…As operators, stakeholders lament lull in port business

By Godfrey Bivbere

Controversy is currently trailing the recent announcement of the collection of about N1.1 trillion by the Nigeria Customs Service, NCS, as operators and stakeholders raise questions on the integrity of the duty collections.

Comptroller General Of the Nigerian Custom Service(NCS),Alhaji Dikko Abdullahi

Shipping companies, terminal operators, Customs brokers, truckers and other stakeholders are all complaining about the lull in business and the sharp reduction in both import and export, wondering how the NCS got its huge revenue from.

The amount which was for 11 months in 2018, indicates that NCS has surpassed the full year collection before year end.

Speaking with  Vanguard Maritime Report  on the issue, immediate past National President of the Association of Nigeria Licensed Customs Agents, ANLCA, Olayiwola Shittu, noted that the annual target is wrong as it has led to officers of the Service to do whatever it takes to collect revenue even at the detriment of the economy.

Shittu noted that the volume of cargo import has gone down and asked where the Customs got the revenue it said it collected this year.

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Similarly, Chairman of Shippers Association of Lagos State, SAL, Jonathan Nicol, told  Vanguard Maritime Report, that the Federal Government’s annual target given to Customs is a big factor to the attitude of officers and men of the Service.

Nicol stressed that in their bid to meet government target, the officers engage all manners of measures, including the multiple checks that had become a big problem for cargo clearing processes in the country.

He further noted that in their quest to meet the target, importers are subjected to all manner charges, both legal and illegal, thereby frustrating them.

The League of Maritime Editors, in a press statement made available to  Vanguard Maritime Report, had earlier noted that though the Service  is supposed to be facilitating trade  as enunciated in the   World Customs Organization, WCO, policy for Customs Administration globally, the Nigerian Customs Service has failed   to deliver this   value at the seaports with its adverse effect on   Ease of Doing Business policy of the Federal   Government.

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The League in the statement signed by its President, Kingsley Anaroke, noted “It is on record as recently corroborated by the Managing Director of Nigerian Ports Authority, NPA, Hadiza Bala Usman that the NCS has refused to comply with the Ease of Doing Business policy in cargo delivery process.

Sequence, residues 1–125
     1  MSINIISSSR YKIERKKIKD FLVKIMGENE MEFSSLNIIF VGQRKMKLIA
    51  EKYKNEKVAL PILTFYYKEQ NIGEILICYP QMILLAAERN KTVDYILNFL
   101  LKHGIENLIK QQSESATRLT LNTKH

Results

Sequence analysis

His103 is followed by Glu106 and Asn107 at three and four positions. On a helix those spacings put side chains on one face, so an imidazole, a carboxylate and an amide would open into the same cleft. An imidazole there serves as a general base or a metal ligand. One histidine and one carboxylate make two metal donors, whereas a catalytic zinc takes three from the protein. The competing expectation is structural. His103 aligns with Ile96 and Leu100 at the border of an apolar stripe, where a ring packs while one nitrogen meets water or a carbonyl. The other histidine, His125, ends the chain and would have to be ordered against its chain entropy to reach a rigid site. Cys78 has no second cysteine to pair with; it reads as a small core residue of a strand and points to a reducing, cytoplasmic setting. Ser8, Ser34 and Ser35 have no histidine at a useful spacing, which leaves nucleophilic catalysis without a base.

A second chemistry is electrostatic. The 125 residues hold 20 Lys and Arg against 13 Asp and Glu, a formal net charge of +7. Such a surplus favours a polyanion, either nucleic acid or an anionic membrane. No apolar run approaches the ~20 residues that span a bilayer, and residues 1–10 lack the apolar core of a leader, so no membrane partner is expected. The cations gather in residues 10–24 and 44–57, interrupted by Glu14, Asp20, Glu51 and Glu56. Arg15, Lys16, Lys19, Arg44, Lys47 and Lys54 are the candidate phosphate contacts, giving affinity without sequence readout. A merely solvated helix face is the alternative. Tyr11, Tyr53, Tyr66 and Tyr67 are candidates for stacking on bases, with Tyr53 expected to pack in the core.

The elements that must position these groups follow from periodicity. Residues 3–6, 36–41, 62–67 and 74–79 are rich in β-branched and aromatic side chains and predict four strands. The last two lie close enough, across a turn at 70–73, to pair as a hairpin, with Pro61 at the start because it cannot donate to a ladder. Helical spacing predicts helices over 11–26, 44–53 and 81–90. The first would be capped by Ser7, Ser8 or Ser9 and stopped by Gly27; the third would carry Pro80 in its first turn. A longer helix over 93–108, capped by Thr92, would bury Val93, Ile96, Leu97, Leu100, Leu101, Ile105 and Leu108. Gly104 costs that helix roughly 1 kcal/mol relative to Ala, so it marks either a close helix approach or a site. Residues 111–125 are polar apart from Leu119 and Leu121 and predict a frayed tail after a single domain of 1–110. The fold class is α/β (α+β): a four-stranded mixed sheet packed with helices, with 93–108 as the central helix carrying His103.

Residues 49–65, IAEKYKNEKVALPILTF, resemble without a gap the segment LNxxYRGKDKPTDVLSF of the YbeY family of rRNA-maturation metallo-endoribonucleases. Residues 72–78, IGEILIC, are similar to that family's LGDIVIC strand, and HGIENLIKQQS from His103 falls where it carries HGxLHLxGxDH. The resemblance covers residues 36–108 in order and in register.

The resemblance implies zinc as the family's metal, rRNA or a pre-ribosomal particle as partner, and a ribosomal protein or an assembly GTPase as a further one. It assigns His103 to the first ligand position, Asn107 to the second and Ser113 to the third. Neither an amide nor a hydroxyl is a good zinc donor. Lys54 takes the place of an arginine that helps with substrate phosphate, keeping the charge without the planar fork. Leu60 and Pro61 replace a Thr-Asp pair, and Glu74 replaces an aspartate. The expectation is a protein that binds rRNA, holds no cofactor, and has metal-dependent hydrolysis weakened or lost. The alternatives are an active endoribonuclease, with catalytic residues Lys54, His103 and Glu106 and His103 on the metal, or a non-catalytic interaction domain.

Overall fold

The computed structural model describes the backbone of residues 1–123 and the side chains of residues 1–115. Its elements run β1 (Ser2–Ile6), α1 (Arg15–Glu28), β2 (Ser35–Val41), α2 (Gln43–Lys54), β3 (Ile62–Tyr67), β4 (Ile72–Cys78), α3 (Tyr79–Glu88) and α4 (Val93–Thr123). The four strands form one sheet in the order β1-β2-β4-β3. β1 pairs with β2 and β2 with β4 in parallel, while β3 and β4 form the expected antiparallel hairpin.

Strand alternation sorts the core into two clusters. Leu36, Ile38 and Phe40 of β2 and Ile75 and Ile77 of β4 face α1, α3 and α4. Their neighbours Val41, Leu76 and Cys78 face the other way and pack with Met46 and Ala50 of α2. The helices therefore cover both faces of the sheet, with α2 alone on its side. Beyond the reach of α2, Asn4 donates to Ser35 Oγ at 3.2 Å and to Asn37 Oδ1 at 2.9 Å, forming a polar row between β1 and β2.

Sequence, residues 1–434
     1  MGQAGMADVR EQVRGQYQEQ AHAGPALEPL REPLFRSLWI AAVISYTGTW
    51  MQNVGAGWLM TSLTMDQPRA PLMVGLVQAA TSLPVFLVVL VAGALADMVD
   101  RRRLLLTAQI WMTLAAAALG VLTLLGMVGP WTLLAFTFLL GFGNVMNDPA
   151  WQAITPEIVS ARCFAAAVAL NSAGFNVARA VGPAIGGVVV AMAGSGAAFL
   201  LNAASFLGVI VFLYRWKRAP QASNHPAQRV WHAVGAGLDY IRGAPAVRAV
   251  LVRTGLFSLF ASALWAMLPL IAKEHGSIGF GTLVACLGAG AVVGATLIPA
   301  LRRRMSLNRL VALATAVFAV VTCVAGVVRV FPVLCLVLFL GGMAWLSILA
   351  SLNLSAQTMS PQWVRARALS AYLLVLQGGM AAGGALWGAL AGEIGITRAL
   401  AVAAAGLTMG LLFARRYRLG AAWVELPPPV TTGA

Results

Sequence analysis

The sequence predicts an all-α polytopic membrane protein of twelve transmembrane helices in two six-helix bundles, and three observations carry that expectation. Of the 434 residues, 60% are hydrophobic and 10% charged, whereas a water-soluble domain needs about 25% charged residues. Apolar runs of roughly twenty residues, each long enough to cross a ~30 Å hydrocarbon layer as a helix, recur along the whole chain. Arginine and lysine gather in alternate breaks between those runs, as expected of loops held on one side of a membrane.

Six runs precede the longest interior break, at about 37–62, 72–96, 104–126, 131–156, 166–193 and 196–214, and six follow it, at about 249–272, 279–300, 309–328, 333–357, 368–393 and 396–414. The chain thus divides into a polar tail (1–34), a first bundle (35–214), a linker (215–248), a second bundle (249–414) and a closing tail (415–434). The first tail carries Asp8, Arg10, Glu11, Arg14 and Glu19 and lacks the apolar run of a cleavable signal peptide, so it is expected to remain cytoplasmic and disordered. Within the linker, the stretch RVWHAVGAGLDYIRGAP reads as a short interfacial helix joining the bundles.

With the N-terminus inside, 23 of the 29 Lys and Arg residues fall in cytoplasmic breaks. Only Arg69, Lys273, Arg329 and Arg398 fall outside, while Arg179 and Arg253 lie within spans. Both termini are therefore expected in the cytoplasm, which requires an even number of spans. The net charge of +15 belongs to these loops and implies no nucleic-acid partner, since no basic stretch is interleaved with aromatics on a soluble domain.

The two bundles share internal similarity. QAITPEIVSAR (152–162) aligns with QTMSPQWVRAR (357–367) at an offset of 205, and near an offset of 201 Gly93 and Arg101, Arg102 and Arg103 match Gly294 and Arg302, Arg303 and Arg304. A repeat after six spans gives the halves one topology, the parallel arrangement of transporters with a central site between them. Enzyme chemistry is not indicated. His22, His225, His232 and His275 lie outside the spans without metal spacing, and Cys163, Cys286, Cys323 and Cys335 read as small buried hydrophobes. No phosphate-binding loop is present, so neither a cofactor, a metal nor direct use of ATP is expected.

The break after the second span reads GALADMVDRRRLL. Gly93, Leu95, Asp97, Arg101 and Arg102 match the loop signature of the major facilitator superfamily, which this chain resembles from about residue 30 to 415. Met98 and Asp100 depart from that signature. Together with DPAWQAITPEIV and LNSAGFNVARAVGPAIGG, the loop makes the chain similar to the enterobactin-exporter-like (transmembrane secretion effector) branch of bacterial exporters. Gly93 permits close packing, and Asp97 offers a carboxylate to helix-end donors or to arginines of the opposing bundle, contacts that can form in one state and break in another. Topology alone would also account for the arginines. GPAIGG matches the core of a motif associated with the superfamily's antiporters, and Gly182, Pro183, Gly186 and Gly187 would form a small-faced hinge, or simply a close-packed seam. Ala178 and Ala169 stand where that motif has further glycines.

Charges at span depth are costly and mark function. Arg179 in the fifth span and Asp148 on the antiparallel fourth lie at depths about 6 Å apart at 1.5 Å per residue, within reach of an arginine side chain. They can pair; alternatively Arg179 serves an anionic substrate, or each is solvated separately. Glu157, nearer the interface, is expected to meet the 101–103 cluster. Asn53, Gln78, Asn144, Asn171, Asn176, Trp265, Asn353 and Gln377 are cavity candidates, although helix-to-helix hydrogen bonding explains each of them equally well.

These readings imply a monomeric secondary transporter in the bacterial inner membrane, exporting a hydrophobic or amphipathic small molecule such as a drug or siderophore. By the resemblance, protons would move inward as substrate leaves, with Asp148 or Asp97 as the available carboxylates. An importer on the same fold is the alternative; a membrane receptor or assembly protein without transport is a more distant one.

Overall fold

Executive Vice Chairman of ENL Consortium, Vicky Haastrup, at a lunch date with Senate Committee on Marine Transport in Lagos last week, complained about the drastic reduction in the number of vessels handled by her terminal.

Hasstrup disclosed that her terminal, in the past, was handling about 17 vessels daily but that the number has since reduced to three.

She blamed it on the traffic gridlock at the port access road which makes movement of cargo in and out of the port difficult.

Also speaking on the problem of the traffic gridlock, Managing Director of Josepdam Port Services Nigeria Limited, Simon Travers, told  Vanguard Maritime Report  that his terminal recently turned back ships wanting a space to berth at his facility.

Travers attributed this to the traffic congestion which makes it difficult for cargoes already discharged to be evacuated from terminal A of the Tin-Can Island port.

Recall that the Nigerian Customs Service, NCS last week said it has collected N1.1 trillion revenue as well as impounding contraband goods worth more than N40 billion between January and November 2018.

The National Public Relations Officer of the Service, Joseph Attah, who disclosed this in Abuja, noted that the  amount realised actually surpassed the N1.03 trillion collected in 2017.

According to him, the strategic deployment of officers and men of the service and establishment of strike force as the third layers of security, have impacted positively on customs operations.

He stated: “With these achievements, we must have stepped on toes, and that is why some enemies go to town with misleading information by accusing the service of nepotism, non-facilitation of trade and corruption.

“It is curious that such people will choose the time when officers are turning down bribes like the case in Apapa.

“Our officers rejected N150 million bribe offered by arrested suspect, to save the nation from consuming 40 containers of dangerous drugs.

“Customs, under the current Comptroller General, Col Hameed Ali (rtd), cannot be cowed into relaxing its hard stands on enemies of the state.

“We will insist that all international trade actors comply with the fiscal policy of government”.

The spokesperson said that the Service, charged with the responsibilities of implementing fiscal policy of the government, would not allow blackmail to deter it.


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